The new EU MDR (Medical Device Regulation) changes several aspects of obtaining and then maintaining regulatory approval for medical devices. One of the major changes is the introduction of an identification system, or UDI, for medical devices approved for use in the EU.
While the implementation of the new EU MDR has been delayed because of COVID-19, everyone in the industry is impacted by this change in UDI requirements. This includes those with products that have been on the market for years, to companies and start-ups developing new medical devices that have yet to go through the approval process.
Introduction to the New UDI System
If you have products approved for sale in the US market, you may already have experience creating, applying, and submitting UDIs within the FDA system, particularly if your medical devices are Class III or Class II (the introduction of the UDI system for Class I medical devices in the US has also been delayed because of the COVID-19 pandemic). It’s still important to understand how the UDI system will work here in the EU.
The new UDI (Unique Device Identification) is an identification system for medical devices in the EU. The system’s main aim is to improve the traceability of medical devices, especially when safety issues arise.
There are other significant benefits to the system. This includes helping with efforts to eliminate fake medical devices.
In addition, for forward-thinking medical device manufacturers, the new UDI system can also help to improve supply chain efficiency while reducing waste and errors.
UDI for Your Medical Device Products Explained
The new EU MDR specifies the UDI structure you need to implement for your medical device products. It includes two main elements:
- UDI-DI – DI stands for device identifier, so it identifies the device.
- UDI-PI – PI stands for product identifier, so it identifies the device production unit. This part of the UDI could include, for example, a lot number, expiry date, and serial number.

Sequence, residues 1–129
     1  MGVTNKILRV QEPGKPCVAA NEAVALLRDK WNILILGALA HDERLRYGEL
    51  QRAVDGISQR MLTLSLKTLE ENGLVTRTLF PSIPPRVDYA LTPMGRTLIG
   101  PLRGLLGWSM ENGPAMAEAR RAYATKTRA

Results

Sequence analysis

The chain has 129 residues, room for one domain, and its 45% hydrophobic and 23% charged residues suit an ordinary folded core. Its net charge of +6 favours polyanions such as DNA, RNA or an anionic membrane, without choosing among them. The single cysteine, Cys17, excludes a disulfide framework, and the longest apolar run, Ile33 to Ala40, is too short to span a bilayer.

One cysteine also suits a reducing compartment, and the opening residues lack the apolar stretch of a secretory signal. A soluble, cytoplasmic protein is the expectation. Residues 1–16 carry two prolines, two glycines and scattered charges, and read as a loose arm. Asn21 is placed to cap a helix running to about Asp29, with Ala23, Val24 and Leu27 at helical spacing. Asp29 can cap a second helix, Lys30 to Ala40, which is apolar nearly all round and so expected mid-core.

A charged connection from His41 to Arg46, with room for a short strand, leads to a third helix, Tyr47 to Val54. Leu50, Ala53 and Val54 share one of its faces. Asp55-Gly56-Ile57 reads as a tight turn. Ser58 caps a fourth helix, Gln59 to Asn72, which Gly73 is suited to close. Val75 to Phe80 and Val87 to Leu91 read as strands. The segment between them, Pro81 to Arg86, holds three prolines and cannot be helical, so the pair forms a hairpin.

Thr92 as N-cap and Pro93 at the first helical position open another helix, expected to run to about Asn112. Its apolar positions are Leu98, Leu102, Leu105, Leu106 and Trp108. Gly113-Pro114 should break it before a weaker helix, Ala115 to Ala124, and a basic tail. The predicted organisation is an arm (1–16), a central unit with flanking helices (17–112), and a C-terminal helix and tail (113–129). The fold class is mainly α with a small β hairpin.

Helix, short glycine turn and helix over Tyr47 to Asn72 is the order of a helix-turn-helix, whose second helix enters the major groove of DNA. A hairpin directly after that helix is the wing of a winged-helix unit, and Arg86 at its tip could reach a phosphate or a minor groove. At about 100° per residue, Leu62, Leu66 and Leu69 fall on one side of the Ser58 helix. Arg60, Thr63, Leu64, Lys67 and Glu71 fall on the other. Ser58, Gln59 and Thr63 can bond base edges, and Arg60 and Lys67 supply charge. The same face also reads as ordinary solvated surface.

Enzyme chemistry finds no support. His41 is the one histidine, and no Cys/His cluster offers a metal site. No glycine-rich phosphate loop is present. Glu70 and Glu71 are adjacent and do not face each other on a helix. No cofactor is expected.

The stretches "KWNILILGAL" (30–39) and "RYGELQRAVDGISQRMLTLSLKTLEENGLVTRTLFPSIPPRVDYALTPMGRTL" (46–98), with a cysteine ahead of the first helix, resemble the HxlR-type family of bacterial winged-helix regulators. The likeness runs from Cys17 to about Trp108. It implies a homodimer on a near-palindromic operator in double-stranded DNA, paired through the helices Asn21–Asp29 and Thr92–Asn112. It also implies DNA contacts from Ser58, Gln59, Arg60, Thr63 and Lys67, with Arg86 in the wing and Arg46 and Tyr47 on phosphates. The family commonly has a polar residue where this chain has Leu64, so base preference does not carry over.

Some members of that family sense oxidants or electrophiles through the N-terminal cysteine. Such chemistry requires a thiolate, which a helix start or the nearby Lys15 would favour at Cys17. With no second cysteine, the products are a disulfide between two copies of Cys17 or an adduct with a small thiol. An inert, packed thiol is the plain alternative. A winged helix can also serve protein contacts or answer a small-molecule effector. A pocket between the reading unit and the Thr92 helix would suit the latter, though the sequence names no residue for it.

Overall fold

What About the Basic UDI-DI?
There is also a requirement for medical device manufacturers to allocate a Basic UDI-DI for their products. This is separate from the requirement for applying the UDI to the product, packaging, or labelling.
Instead, the Basic UDI-DI is for uploading to EUDAMED, the European Databank on Medical Devices.
The Basic UDI-DI is described in support documentation for the new EU MDR as being the “main access key” for information related to your device.
So, using the example of a new catheter, the structure is as follows:
- A Basic UDI-DI covering a group of catheter products in your range.
- A UDI-DI for each variation of the catheter product, providing each variation has the same risk class, intended purpose, essential design characteristics, and manufacturing characteristics.
- A UDI-PI for each batch of the catheter product that is manufactured.
Does the New UDI System Apply to All Medical Device Products?
With a small handful of exceptions, yes, the UDI system applies to all medical devices sold and used in the EU, including new devices being developed and those already on the market.
The main exceptions are custom-made medical devices and devices manufactured for investigatory purposes.
What is the Deadline for Medical Devices Complying with the New UDI System?
As mentioned previously, the deadline has been pushed back because of the disruption caused by the COVID-19 emergency. The deadline for submitting UDI data to EUDAMED is now 26 November 2022, although this depends on EUDAMED being fully functional.
There are also deadlines that apply to the application of UDI carriers on labels:
- Class III medical devices and implantable devices – 26 May 2021
- Class IIa and Class IIb medical devices – 26 May 2023
- Class 1 medical devices – 26 May 2025
What Should You Do Now?
It is important to develop and then implement a plan for EU MDR compliance, whether you have a device that is already regulatory approved or you are progressing to the stage where you will submit an application.
Ensuring you meet the UDI system requirements of the new EU MDR is a key part of this compliance process.
Furthermore, one thing you can do immediately is to develop a Basic UDI-DI for each group of medical devices that the new EU MDR applies to. You will need to include this Basic UDI-DI in technical documentation, the new EU declaration of conformity, and elsewhere as part of the EU MDR compliance process, so the sooner you go through this stage, the better.
The delay to the overall implementation of the new EU MDR has been welcomed by most in the industry, but the new deadline will approach rapidly. Taking action now will make the process smoother.